Problem solving is something intrinsic to climbing. It’s something you need from figuring out how to make the next move, to collaborating with other athletes before you climb, to figuring out how your training program is going to work – and problem solving is specific to climbing, but also general enough it can be adopted by all sports. Sharing my experiences both inside of sports and outside of sports, with these athletes, with concrete examples, is a reason why this program is so powerful and engages an athlete in a way that would be difficult with someone from one area.

On his passion for “American Ninja Warrior”:
Ninja Warrior in general has always captured my imagination and my attention from a much earlier age than I ended up participating in it. I watched many videos of the Japanese version, “Sasuke.” The idea that there’s this incredibly tough, physically demanding set of challenges that competitors have to face spoke to me intrinsically because it’s sport and people are trying to better themselves, but also because of the way that it works. It tells a very different story because in the center, almost any sport or realm that you see tells the man-versus-man storyline, and the kind of story Ninja Warrior tells is man versus nature. This is a different style of story because it’s not exactly about direct human-to-human competition, but instead humans overcoming obstacles to overcome themselves. That spoke to me on such an intrinsic level because it’s about defeating a natural obstacle, and that’s exactly the same as outdoor rock climbing; you work together with others to overcome this big goal. So, it came to the United States, I waited until I was the minimum age of 21, then I tore my labrum. When I recovered and was 22, that was my first opportunity to compete on the show.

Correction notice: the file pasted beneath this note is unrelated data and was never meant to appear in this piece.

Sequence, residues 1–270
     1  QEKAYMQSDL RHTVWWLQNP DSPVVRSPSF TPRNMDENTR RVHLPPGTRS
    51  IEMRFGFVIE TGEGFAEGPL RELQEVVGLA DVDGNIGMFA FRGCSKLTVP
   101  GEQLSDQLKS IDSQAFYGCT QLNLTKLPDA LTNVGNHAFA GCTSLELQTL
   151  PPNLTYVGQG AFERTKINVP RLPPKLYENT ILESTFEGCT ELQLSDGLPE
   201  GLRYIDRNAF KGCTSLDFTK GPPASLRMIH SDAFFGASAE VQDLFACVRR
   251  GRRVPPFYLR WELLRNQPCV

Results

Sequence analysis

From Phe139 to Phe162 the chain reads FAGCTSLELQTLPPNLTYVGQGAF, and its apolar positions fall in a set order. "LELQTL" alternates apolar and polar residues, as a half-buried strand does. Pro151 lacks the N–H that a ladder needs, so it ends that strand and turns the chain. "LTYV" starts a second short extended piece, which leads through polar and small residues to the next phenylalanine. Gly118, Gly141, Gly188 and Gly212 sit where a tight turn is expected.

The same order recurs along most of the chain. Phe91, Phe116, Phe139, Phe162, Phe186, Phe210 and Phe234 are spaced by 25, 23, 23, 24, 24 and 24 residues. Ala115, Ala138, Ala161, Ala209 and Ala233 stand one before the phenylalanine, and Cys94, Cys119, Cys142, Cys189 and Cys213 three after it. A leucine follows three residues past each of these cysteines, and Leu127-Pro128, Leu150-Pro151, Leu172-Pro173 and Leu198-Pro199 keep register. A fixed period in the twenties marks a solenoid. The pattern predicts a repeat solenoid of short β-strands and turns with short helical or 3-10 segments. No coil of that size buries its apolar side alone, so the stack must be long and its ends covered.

I realized “American Ninja Warrior” is different than the Japanese version because they take this idea of an obstacle and turn it into an incredible metaphor for life. They really, really, really emphasize the human overcoming obstacles and that’s the backstory they try to tell, whether someone overcame cancer or lost a loved one. For people watching TV, it’s a natural draw because you see them overcoming these incredible odds and then doing the same thing with physical obstacles on the course.

It’s was a way to tell a very powerful story and that’s how I got to share my story about Stacey. She was my first climbing coach, who started coaching me when I was about 5 years old, and when I was 10 years old she was diagnosed with an incurable lung disease and the only cure for that at the time was a double lung transplant. Stacey died just before I came down here to Buenos Aires. Knowing she was literally the person responsible for who I am today, it was a chance for me to give back to her by sharing her story. She’s the reason I wear a green wristband for Donate Life and I’m an advocate for organ transplant. That was my way of making it about overcoming obstacles in this grand metaphorical sense.

On being unable to pass Stage 2 of the national finals all three seasons he has competed:
Oh man, my goodness. It’s tough, not going to lie. The goal is always to complete all four stages in Las Vegas and achieve total victory. I’ve had 100-percent success rate on every single course through city qualifiers and finals and Vegas, in regular seasons and special episodes, yet on Stage 2 I’ve had a zero-percent success rate! It’s incredible frustrating to have such difficulties on one specific thing. That’s the point of “American Ninja Warrior.” As many times as it knocks you down, you stand up and keep trying and become stronger from it.